Mike Linksvayer at 2014-12-21T18:37:11Z

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    @mtift indeed! thus the last paragraph of my note. :)

    Mike Linksvayer at 2014-12-21T18:40:21Z

    Team messaging solutions are exactly the kind of area where free software and federation should be able to get a foothold.

    The most important network is the team and you can simply choose for the team to use the same tool. The federation part then becomes a bonus.

    Back in 2008 I was perplexed that Yammer got any attention at all, when there was already StatusNet that could do the same things and more. What did they do right? Massive VC-backed marketing?

    These days when everyone is becoming aware of control of data and the potential risks of cloud hosting, why aren't more corporations interested in products you can easily host yourself and even host internally? And why do so many of those that do have that interest go to SharePoint?

    Claes Wallin (韋嘉誠) at 2014-12-23T01:17:45Z, Mike Linksvayer likes this.

    @clacke well put, exactly half of why I posted above note (other half various hand-wringing I suppose). Yammer probably had more capital and a sales team and enterprisey integrations enabled by that, as I imagine does Slack. But plausible evergreen state of enterprise market a reason this isn't just kvetching.

    Mike Linksvayer at 2014-12-23T23:04:22Z

  • Stephen Michael Kellat at 2014-12-12T04:28:22Z

    >> Charles Stanhope:

    “The two examples you cite are probably targetted correctly. The 18-25 group probably isn't buying many new cars. I don't know what sort of insurance Salt-N-Pepa is selling, but that also sounds like something old people think about. ;)”

    I saw that insurance commercial. It was freaky. I flipped the TV over to C-SPAN in response.

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  • FaiF 0x51

    Free as in Freedom at 2014-12-11T16:30:52Z

    On Free as in Freedom, Episode 0x51, Bradley and Karen play and discuss Pam Chestek's talk entitled Why Licenses Requiring Use of Trademarks are Non-Free that she gave 15:00 European/Central time on Sunday 2 February 2014 at FOSDEM 2014.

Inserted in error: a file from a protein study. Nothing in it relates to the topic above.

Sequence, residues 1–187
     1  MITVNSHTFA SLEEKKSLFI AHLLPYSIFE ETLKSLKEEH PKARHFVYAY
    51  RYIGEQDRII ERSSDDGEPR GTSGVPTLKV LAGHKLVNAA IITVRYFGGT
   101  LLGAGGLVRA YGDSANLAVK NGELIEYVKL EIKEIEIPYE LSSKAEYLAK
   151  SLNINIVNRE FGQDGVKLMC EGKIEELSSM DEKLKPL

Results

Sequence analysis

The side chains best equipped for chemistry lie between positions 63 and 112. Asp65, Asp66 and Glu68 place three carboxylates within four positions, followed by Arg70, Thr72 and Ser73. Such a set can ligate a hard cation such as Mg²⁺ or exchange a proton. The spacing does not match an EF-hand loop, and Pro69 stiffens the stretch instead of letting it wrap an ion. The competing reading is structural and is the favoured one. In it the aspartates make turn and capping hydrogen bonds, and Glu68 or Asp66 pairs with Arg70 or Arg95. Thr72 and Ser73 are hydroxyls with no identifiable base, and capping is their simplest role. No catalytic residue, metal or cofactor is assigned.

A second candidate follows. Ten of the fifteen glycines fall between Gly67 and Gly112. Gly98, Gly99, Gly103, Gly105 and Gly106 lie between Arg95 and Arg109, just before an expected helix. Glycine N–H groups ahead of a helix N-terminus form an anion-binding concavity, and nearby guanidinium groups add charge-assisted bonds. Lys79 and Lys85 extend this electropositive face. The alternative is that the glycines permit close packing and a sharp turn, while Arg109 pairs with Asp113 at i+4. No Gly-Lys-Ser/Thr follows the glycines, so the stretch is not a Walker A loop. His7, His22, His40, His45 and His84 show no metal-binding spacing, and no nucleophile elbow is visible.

Please donate now: We're trying to send Producer Dan to a Free Software conference. We need to raise $2,500 for travel expenses to send Producer Dan to a conference of his choice to record interviews and otherwise participate in the conference. A donate link is on the front page of the show's website.

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  • Alexandre Oliva at 2014-11-22T03:56:51Z

    You're certainly not alone in thinking along these lines.  I have no recollection of feeling that my attempts at lying didn't work, possibly because since early childhood I've been an incurable truth-teller.  After getting into the Free Software movement and trying to understand politics, I started feeling that this inability to lie is both a blessing and a handicap.  I share your feeling that it puts us at some disadvantage, very much like the unfair battles between good and evil in fiction, to some extent mirrored in ethical or legal restraints on what e.g. cops and judges are allowed to do, vs the “anything goes” that some criminals take.  It still feels right, and I hope enough people value the honesty of playing within the boundaries of ethics that what could amount purely to a handicap ends up also being perceived favorably.  Besides, it makes the challenge of defeating an opponent that might resort to anything, while we refuse to use certain unethical weapons, a lot more interesting ;-)